Make Noise brings Tom Erbe’s soundhack spectral ideas to a dual oscillator: Spectraphon

The pandemic apparently brought together modular house Make Noise, instrument maker Jeff Snyder, and soundhack creator Tom Erbe. Spectral analysis/resynthesis, once just an esoteric software process, is now in a beautiful module. Get your hands on some new sounds.

The results are more out-there than you think – check the demo.

The idea of spectral resynthesis is simple: analyze an audio input, then synthesize new sounds based on the analysis. Because of that input involved, though, you’re open to producing all kinds of new sounds by feeding in stuff from the outside.

spectraphon 1

Those spectral tricks had been in Tom Erbe’s repertoire for decades, back to versions in his lovely free SoundHack. (I have special affection for that, as it was the first real DSP software I ever used, while in high school. Not to date Tom. Erm, or me. Oops.)

We could get into specs, but look at the panel. Make Noise together with Jeff have done a beautiful job of making this musical and intuitive. You have nice big knobs to dial in frequency with focus and slide, twist your way through partials, and and frequency modulation.

You’ll also notice it has a heck of a lot of jacks on it. That’s because you have a full eight outputs, including two independent oscillators, separate sub-oscillator and modulation outputs, dual input, and tons of modulation control.

It’s really a sign of what a powerful digital platform can do even inside the analog patching paradigm.

They do say they’ve been inspired by existing hardware, too, which I think is reflected in the control layout:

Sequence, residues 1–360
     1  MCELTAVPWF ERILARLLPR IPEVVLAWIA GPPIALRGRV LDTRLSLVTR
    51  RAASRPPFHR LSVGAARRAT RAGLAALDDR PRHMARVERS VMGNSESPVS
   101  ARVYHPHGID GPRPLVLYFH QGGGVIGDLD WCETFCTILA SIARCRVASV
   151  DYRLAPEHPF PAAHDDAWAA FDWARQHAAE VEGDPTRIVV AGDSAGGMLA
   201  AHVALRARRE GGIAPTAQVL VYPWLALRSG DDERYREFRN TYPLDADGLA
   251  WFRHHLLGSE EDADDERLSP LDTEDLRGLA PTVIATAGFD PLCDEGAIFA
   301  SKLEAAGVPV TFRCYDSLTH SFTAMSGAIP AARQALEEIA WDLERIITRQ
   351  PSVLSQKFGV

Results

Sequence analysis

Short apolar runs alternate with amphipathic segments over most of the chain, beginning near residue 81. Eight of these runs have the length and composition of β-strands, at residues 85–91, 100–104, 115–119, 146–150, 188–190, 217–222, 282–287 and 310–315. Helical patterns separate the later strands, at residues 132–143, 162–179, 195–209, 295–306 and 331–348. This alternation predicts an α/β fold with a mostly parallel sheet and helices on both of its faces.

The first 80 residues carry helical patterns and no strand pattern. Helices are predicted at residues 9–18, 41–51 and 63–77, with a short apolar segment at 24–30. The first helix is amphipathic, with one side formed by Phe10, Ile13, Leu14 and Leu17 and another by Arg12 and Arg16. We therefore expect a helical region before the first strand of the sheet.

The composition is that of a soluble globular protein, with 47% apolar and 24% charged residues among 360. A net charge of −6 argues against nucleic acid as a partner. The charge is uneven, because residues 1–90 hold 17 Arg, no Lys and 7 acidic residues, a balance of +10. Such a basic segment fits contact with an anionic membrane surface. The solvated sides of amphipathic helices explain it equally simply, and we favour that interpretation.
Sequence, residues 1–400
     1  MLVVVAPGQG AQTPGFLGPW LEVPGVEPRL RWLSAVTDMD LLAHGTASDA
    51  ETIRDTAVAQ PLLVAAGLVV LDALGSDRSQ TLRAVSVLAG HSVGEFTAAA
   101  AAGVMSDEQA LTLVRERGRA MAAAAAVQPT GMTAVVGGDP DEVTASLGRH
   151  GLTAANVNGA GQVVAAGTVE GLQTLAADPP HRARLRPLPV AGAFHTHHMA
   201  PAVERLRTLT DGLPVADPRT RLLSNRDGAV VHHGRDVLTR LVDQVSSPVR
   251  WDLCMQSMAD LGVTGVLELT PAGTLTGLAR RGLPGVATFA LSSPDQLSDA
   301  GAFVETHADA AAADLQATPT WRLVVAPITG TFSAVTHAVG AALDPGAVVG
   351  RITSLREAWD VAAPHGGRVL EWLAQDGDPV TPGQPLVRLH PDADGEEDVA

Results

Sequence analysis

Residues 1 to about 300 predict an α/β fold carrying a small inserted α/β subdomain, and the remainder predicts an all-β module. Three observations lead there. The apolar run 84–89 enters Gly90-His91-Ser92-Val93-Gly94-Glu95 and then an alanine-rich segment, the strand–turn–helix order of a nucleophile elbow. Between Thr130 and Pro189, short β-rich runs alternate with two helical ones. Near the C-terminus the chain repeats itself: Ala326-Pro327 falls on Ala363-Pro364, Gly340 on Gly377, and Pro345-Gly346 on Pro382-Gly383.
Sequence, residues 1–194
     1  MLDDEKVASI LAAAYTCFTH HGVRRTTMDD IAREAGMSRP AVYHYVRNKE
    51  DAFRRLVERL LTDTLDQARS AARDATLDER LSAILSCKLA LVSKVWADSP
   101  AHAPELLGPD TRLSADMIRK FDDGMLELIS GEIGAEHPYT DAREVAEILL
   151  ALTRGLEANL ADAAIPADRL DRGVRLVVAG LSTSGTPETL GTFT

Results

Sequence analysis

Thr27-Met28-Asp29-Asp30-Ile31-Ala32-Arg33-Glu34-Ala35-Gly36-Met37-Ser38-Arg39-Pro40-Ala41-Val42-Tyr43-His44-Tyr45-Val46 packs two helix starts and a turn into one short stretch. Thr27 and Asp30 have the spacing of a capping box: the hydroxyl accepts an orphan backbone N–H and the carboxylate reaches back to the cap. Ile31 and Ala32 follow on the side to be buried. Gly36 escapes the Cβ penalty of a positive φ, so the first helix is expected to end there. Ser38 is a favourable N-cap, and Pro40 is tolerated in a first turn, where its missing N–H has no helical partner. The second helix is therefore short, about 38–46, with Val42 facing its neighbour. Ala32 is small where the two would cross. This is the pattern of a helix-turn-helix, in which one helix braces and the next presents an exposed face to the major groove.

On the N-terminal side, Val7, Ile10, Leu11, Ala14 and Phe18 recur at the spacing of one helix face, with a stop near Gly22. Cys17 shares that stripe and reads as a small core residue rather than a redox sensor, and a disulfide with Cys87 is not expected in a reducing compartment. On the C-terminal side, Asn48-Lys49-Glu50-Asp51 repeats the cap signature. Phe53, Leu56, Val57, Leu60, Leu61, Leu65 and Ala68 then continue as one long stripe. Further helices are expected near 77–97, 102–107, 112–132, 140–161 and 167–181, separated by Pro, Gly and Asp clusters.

It is inspired by classic electronic musical instruments of the past, including spectral processors, additive synthesis, vocoders, and resonators especially the Buchla 296 and Touché, but it takes a physical form more resembling the classic analog dual complex oscillator in the lineage of the Buchla 259 and the Make Noise DPO.

But it takes some of those smart musical ideas and does something new with them.

The full overview and demo-performance Sarah Belle Reid will go live shortly after I publish this:

And there’s this nicely experimental performance video, where they show off that they’re not as flat as Berlin. And it sounds initially like – someone is having a freak-out in an alien spaceship galley, throwing plates over top of a Martian mating dance.

Then things calm down and you get some really beautiful, evolving sounds. I love the full range. I temporarily thought YouTube had autoplayed a new video, so – stick with it for the full gamut of Brett’s sounds.

US$599. 34HP.


  • Dual Digital VCO with eight simultaneous outputs, as well as two audio inputs, two gate inputs and ten CV inputs
  • Built on Make Noise’s new digital hardware platform, the most powerful digital module we have yet created
  • Coded by Tom Erbe of soundhack
  • Spectral Amplitude Modulation (SAM) creates spectral oscillations based on continuous analysis of the audio at the input
  • Spectral Array Oscillation (SAO) creates spectral oscillations based on stored sets of spectra called Arrays, which are created in the SAM mode
  • Each of the two VCOs operates independently in SAO or SAM, in any combination
  • High definition internal Frequency Modulation Bus with easy access to Harmonic Ratios via the Tuning Beacon
  • Sub-Oscillator/CV outputs give access to unique sub-oscillator shapes, envelope following, or clockable modulation sources
  • Sine and Sub operate independent of FM Bus modulation.
  • Follow and Sync operations on Side B for ease of use in dual oscillator patches, tuned FM, hard sync sweeps etc.


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